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Two up-coming webinars

The first webinar: Please register for KM Roadmap Process on Jul 23, 2013 12:00 PM EDT at: https://attendee.gotowebinar.com/register/4565180326538419712 The process for determining supporting knowledge management technology is outlined in this webinar. The steps start with collecting organizational requirements and move through analyzing and resolving these to select the technology. Then moving on to designing and developing the technology platform, and testing the actual implementation. Finally, there is a discussion of the use and evolution the technology platform. After registering, you will receive a confirmation email containing information about joining the webinar. The second webinar: Please register for Requirements for KM Success on Jul 30, 2013 12:00 PM EDT at: https://attendee.gotowebinar.com/register/5591863602625495808 What are the requirements for KM success? Considering people, process and technology are key as is the roadmap process discussed in the fourth webinar, but what else is a vital part of success? Case studies of organizations that both ignored and paid attention to the requirements for success will be examined. After registering, you will receive a confirmation email containing information about joining the webinar. Brought to you by GoToWebinar® Webinars Made Easy®

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Collaboration versus Command and Control

This post is about differing management styles and approaches to not just knowledge management but to business and ultimately life. Do we believe there is a limited “pie” and so we need to compete and create hierarchies to control it (whatever “it” is in our own particular case) or do we believe in working together to make the pie bigger and be content with our own slice of pie, however big or small that may be? As a small business person, I am not particularly interested in growing my business to be bigger than it is. I like doing consulting and giving focused, specialized service to my clients, I don’t need, nor do I want to grow my business to 25, 50, 100 or more people, I wouldn’t be able to do what I like to do in those scenarios. If a client or potential client wants services that I don’t offer, say development work for a particular software platform, I am perfectly willing to refer them to someone I know who specializes in that work rather than do it myself, or hire someone to work for me to do it for the client. In my KM practice I often … Continue reading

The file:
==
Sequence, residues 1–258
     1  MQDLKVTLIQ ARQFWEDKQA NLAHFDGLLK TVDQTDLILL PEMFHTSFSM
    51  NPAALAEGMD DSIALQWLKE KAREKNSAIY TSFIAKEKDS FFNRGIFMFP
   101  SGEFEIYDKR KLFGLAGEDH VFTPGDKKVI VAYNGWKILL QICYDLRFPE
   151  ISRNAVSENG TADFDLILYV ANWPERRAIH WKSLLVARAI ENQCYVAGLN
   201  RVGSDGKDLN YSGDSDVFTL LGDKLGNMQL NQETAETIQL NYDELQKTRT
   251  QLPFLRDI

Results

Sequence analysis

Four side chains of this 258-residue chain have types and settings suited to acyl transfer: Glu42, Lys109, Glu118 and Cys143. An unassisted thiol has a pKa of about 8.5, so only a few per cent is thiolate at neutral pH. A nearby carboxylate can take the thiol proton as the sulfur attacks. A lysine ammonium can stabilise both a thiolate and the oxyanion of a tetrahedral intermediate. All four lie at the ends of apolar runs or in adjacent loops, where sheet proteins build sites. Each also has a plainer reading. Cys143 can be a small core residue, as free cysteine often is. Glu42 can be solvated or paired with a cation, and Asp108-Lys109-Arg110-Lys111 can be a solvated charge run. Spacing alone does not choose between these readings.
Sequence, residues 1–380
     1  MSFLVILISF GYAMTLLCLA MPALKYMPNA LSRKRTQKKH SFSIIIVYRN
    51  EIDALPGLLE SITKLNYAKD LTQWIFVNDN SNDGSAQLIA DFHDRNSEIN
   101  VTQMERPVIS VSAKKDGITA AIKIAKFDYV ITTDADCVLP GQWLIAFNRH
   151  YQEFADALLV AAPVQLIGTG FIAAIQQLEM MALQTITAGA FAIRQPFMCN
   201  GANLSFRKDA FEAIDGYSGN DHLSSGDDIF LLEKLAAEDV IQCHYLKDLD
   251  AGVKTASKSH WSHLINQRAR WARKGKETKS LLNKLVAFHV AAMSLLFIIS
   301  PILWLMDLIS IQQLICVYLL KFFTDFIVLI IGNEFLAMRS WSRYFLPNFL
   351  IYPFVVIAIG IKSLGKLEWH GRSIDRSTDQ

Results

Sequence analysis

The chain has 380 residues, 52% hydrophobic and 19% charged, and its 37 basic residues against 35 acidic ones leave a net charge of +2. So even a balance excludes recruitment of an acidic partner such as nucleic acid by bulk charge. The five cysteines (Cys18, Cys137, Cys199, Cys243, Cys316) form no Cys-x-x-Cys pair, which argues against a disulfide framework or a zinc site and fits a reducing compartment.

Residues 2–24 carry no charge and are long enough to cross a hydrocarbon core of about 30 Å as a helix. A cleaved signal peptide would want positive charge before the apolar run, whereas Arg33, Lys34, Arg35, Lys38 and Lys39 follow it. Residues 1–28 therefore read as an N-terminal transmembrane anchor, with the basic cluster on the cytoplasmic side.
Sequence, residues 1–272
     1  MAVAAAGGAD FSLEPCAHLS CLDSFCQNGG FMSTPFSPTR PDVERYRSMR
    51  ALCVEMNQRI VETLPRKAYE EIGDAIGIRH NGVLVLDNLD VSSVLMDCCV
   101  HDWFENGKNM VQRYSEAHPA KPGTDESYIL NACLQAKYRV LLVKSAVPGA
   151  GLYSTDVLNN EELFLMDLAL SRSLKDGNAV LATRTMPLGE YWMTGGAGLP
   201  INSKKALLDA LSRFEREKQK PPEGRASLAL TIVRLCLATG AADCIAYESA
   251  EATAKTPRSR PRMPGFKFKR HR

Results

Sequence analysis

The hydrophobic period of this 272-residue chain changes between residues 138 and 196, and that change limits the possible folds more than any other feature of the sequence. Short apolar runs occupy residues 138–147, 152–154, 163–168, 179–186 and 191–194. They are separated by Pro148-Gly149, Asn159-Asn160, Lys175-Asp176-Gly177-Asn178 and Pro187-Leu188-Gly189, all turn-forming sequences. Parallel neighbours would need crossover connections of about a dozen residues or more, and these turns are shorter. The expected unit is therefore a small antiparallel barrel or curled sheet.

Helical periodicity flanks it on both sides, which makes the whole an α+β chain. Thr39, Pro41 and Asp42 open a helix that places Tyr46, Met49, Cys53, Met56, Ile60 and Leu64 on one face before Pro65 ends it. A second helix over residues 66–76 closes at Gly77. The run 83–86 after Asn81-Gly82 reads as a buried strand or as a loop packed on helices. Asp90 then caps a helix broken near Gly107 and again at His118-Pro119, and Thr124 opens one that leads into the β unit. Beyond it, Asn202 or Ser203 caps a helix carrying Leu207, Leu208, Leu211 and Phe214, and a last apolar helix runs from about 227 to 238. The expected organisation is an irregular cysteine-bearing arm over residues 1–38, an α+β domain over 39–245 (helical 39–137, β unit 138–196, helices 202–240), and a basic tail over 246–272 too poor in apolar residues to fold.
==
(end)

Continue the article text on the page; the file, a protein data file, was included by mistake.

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Topics and Trends from KM World 2012

I attended KM World 2012 in Washington, DC last month, for the first time since 2006 (when it was still in San Jose, California). Let me first just say that I enjoyed the new location very much, not just because it’s a much shorter flight for me, but it seemed more intimate–easier to meet and talk to people and find my way around. I did miss being able to visit all my friends in the Bay Area, but I will get out there again. Okay, so on to what I learned and observed at KM World 2012… I think one of the big things I observed was a shift away from all the talk of technology, don’t get me wrong, people still talked tech, but I found less of an emphasis on it this year and much more emphasis on the value of the network, i.e. the people-to-people connections. Certainly any of us who have been doing KM for a while know that this is the case, that technology just enables and supports the activities of the network, but for most of the last 15-20 years we have had to fight against the idea that technology was the silver bullet … Continue reading

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Aligning People, Process and Technology in KM, published

Ark Group has published my report, Aligning People, Process and Technology in KM. The Executive Summary and a sample chapter are on their website https://www.ark-group.com/product/aligning-people-process-and-technology-knowledge-management#.VnpHtpMrLq0

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Succeeding at Change in a Knowledge Worker World

The only thing that is certain is death and taxes…and change. Many organizations spend thousands of dollars on knowledge management technology solutions, focusing on the technology, because the technology is easy to focus on, it’s visible: buying the servers, installing the software, testing it, releasing it, those are activities that are very visible. Involving stakeholders in the software selection process, understanding what helps versus what hinders them in their performance, providing training, communicating, these are invisible, “soft” activities. Soft-skills/activities are often ignored, or down-played in organizations, sometimes it’s because of cost, sometimes it’s a lack of understanding of their importance, sometimes because there’s “no time.” Projects fail because of this lack of attention to soft-skills, especially Knowledge Management projects. With Knowledge Management projects knowledge workers have already found a way to get their jobs done, it may not be the most efficient and effective way to get it done, but they get it done, that’s who they are. They may miss opportunities to share and leverage other people’s experience or create something new because they didn’t know there was a possibility to share/leverage/create, but they get their job done. In implementing a Knowledge Management project knowledge workers are being asked … Continue reading